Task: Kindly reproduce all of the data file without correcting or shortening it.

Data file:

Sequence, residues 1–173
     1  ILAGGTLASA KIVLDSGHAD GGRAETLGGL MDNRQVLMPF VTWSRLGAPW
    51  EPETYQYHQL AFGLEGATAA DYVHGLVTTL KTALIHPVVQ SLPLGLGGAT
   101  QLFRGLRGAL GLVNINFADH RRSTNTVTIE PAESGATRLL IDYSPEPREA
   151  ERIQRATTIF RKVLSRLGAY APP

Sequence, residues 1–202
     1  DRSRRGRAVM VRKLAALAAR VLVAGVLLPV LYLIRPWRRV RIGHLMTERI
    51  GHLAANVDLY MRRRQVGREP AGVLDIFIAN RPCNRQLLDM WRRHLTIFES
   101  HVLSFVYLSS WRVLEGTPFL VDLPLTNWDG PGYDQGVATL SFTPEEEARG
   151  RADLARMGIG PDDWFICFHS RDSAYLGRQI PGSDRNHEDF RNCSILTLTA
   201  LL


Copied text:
Sequence, residues 1–173
     1  ILAGGTLASA KIVLDSGHAD GGRAETLGGL MDNRQVLMPF VTWSRLGAPW
    51  EPETYQYHQL AFGLEGATAA DYVHGLVTTL KTALIHPVVQ SLPLGLGGAT
   101  QLFRGLRGAL GLVNINFADH RRSTNTVTIE PAESGATRLL IDYSPEPREA
   151  ERIQRATTIF RKVLSRLGAY APP

Sequence, residues 1–202
     1  DRSRRGRAVM VRKLAALAAR VLVAGVLLPV LYLIRPWRRV RIGHLMTERI
    51  GHLAANVDLY MRRRQVGREP AGVLDIFIAN RPCNRQLLDM WRRHLTIFES
   101  HVLSFVYLSS WRVLEGTPFL VDLPLTNWDG PGYDQGVATL SFTPEEEARG
   151  RADLARMGIG PDDWFICFHS RDSAYLGRQI PGSDRNHEDF RNCSILTLTA
   201  LL